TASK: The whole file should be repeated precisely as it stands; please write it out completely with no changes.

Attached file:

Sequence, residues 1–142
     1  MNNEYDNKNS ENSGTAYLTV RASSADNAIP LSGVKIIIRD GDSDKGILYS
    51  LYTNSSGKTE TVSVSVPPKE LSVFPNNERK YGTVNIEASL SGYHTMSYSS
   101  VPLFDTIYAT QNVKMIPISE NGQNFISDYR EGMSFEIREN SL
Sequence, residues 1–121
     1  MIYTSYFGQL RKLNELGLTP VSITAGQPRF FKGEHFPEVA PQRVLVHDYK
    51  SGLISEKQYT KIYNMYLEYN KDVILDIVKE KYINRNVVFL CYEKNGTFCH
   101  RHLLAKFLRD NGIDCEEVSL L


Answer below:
Sequence, residues 1–142
     1  MNNEYDNKNS ENSGTAYLTV RASSADNAIP LSGVKIIIRD GDSDKGILYS
    51  LYTNSSGKTE TVSVSVPPKE LSVFPNNERK YGTVNIEASL SGYHTMSYSS
   101  VPLFDTIYAT QNVKMIPISE NGQNFISDYR EGMSFEIREN SL
Sequence, residues 1–121
     1  MIYTSYFGQL RKLNELGLTP VSITAGQPRF FKGEHFPEVA PQRVLVHDYK
    51  SGLISEKQYT KIYNMYLEYN KDVILDIVKE KYINRNVVFL CYEKNGTFCH
   101  RHLLAKFLRD NGIDCEEVSL L